Thursday, August 02, 2007

When you are a poor yet oil rich nation

Beware of neighbors bearing gifts:

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Beijing now has trade missions in every Central Asian country: it's investing in local enterprises and donating money to aid projects.

And by filling the markets with plastic fans and cheap DVD players, China is becoming an increasingly powerful player.

"We'll have shopping malls, business centres, restaurants, hotels, anything your heart desires," Ibragim described.

But when asked about the common fear that China's growing economy may overpower its smaller neighbours, Ibragim laughed and said that he was not allowed to comment.

"Official policy here is to say that China is a very good neighbour, but unofficially there are plenty of fears," said Dostym Satpaev, the head of the regional Risk Assessment Group.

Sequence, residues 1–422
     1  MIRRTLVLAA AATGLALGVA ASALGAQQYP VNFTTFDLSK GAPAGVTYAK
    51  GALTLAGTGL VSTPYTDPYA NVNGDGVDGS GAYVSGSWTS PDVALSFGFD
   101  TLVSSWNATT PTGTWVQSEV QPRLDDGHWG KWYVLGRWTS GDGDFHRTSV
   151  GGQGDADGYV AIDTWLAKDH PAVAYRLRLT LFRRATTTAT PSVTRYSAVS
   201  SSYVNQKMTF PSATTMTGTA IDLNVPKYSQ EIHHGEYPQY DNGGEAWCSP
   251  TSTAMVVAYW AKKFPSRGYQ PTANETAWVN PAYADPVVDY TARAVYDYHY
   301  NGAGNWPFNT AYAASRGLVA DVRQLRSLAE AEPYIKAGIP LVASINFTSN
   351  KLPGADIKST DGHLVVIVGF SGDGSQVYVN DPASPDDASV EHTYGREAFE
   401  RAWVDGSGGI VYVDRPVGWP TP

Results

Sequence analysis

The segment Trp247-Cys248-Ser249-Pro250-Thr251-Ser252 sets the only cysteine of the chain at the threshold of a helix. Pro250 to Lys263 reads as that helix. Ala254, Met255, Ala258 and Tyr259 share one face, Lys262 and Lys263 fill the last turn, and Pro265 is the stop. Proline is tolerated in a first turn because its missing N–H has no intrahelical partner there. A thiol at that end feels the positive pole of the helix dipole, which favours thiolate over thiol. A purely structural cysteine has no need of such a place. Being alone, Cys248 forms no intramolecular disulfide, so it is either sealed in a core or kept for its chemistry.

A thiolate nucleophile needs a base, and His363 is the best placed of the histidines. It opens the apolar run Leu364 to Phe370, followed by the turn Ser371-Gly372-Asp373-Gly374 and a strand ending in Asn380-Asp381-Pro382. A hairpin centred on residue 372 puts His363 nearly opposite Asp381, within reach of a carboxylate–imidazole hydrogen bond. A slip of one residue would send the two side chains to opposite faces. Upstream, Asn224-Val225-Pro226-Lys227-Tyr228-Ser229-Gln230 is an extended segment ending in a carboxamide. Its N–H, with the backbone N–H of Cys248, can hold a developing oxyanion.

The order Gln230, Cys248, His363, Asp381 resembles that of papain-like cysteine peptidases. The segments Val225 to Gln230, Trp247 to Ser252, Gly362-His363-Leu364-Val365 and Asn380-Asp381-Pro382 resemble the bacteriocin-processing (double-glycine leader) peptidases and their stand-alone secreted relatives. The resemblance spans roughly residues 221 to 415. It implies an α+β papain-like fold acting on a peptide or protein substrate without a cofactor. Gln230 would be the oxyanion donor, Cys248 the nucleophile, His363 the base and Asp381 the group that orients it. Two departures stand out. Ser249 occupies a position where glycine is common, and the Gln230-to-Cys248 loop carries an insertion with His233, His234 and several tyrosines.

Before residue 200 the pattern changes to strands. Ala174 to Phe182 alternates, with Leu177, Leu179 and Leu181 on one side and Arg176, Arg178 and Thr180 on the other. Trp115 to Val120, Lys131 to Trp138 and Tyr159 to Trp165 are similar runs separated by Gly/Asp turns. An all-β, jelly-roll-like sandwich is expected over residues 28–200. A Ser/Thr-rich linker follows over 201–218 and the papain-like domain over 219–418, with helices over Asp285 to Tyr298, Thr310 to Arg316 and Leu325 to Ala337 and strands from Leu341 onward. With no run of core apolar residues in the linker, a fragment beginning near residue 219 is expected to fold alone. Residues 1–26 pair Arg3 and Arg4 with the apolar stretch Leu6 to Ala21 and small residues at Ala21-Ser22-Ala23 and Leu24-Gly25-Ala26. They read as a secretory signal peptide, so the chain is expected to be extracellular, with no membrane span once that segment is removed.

There is, Mr Satpaev says, a real worry in the region that China will simply become too much to handle, and that the growing number of goods and people it sends will pose a serious demographic and economic threat.

"When it comes to China, Kazakhstan is in a tricky position. We need to remember that China is our neighbour, a very ambitious neighbour and economically a very strong neighbour. So we need good relations with Beijing.

"But at the same time we should be wary about its increasing activity here and what consequences it may have," Mr Satpaev said.


The region's growing reliance on Chinese goods is a major source of Beijing's new political leverage in the energy-rich region.

"China went from being a non-player in the 1990s to becoming a major geopolitical force, and its role is still growing," said Dostym Satpaev of the Risk Assessment Group.

"But the problem is that the only thing China is interested in are the region's minerals; oil, gas, natural resources. It does not want to open factories or invest into manufacturing goods here."

But still, for millions across this impoverished region, China is a lifeline.

Whether they like it or not, people rely on Chinese goods here, and where China's economic influence leads, its political might will follow.

Just one more move on the oil chess board in that region.

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